Hon Chair and hon members, cancer is said to be one of the world's leading causes of premature deaths and disabilities, with massive impacts on the global economy. The American Cancer Association contends that the total economic impact of premature deaths and disabilities resulting from cancer is 1,5% of the world's gross domestic product.
The Goldman Sachs Report states that South Africa's contribution to the world's GDP is 0,5% and that Africa's total contribution is 1,5%. This paints a very bleak picture. In fact, South Africa's total contribution to the world's GDP is less than what the American Cancer Association's estimated as global loss due to cancer.
We all know that early detection increases chances of survival. However, optimal early detection can be achieved where there is adequate access to functional health care facilities. Cancer survival in South Africa is linked to the individual's economic status and indirectly to their race profile.
We have reports that white women for instance, have a high incidence rate of certain cancers, in the same breathe we will have black women having an even higher rate of mortality from the same type of cancer. The multitudes that are without medical aids have little chances of having their cancer detected at an early stage; and even a slimmer chance of getting the medical care they need when diagnosed.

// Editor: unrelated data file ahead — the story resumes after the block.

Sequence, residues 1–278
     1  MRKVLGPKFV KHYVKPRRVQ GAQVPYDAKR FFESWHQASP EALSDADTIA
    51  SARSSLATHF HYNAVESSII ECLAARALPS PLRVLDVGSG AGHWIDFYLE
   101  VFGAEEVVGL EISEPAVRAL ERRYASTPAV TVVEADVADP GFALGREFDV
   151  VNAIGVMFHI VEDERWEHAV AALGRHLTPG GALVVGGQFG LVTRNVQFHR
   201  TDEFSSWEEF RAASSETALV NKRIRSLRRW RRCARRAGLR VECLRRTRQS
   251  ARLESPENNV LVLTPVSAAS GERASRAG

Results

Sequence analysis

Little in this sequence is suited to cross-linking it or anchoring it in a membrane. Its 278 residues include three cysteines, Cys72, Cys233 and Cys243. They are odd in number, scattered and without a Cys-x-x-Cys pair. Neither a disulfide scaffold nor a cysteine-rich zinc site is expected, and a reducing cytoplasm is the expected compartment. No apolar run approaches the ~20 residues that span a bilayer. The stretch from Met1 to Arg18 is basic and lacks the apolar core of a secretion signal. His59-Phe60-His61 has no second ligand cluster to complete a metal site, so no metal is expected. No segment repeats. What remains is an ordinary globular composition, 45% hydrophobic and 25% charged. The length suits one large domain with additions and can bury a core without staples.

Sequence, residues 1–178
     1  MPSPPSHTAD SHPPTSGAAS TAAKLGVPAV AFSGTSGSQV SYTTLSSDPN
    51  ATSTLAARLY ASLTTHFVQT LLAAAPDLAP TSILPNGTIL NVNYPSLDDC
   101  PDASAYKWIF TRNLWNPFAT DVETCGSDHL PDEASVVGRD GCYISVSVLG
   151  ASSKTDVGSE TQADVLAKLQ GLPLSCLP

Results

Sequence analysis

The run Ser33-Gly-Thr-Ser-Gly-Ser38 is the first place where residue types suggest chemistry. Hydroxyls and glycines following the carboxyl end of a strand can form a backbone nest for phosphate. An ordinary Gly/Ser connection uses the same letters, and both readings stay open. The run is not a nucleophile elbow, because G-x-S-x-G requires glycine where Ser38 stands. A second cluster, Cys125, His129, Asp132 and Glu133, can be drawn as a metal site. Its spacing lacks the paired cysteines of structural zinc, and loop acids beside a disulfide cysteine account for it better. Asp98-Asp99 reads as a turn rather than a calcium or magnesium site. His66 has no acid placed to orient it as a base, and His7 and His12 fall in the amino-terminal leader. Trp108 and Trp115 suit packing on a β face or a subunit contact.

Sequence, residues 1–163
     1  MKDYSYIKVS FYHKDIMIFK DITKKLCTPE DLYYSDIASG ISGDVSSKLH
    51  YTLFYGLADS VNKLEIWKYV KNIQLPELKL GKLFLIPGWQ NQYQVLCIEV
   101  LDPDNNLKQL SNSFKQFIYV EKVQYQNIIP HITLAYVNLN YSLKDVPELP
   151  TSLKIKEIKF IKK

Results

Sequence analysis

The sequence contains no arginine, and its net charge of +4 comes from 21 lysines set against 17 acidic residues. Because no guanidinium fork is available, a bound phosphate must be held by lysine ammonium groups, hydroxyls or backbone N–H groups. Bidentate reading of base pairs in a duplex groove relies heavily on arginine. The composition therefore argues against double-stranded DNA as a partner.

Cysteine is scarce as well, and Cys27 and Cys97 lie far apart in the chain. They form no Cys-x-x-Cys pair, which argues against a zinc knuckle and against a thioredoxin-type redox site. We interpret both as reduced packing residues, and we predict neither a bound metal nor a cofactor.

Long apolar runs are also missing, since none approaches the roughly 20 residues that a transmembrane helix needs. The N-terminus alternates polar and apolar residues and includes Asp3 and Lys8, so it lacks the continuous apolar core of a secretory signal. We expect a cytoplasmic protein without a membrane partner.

It is critical that government removes barriers to cancer detection and treatment. For instance, in South Africa we have statistics that will show a significance increase of cervical and breast cancer amongst women in their 20s, yet when a young woman takes the initiative to have herself checked at a public facility, she will be told that the cervical cancer detection is for women over 30, and that even then they are only entitled to one test every five years.
There are public messages that the incidence of prostate cancer is steadily on the rise in South Africa, but we hardly ever see public campaigns aimed at encouraging men to have themselves checked. If we are to curtail the impact of cancer in our economy and in our society, we need to exhibit commitment towards responding effectively. There are many studies published that contend that marijuana or dagga may be used in treating the side effects of cancer or in treating it.
Therefore, we hope that the stance towards having marijuana legalised for medicinal purposes, is but one of government's responses to the cancer impact. We in the UCDP support the fact that doctors be permitted to innovate and alternate cancer treatment, as different ways and means to assist, help and lead the nation. The UCDP supports the fact that other avenues be tried in order to save lives. I thank you. [Applause.]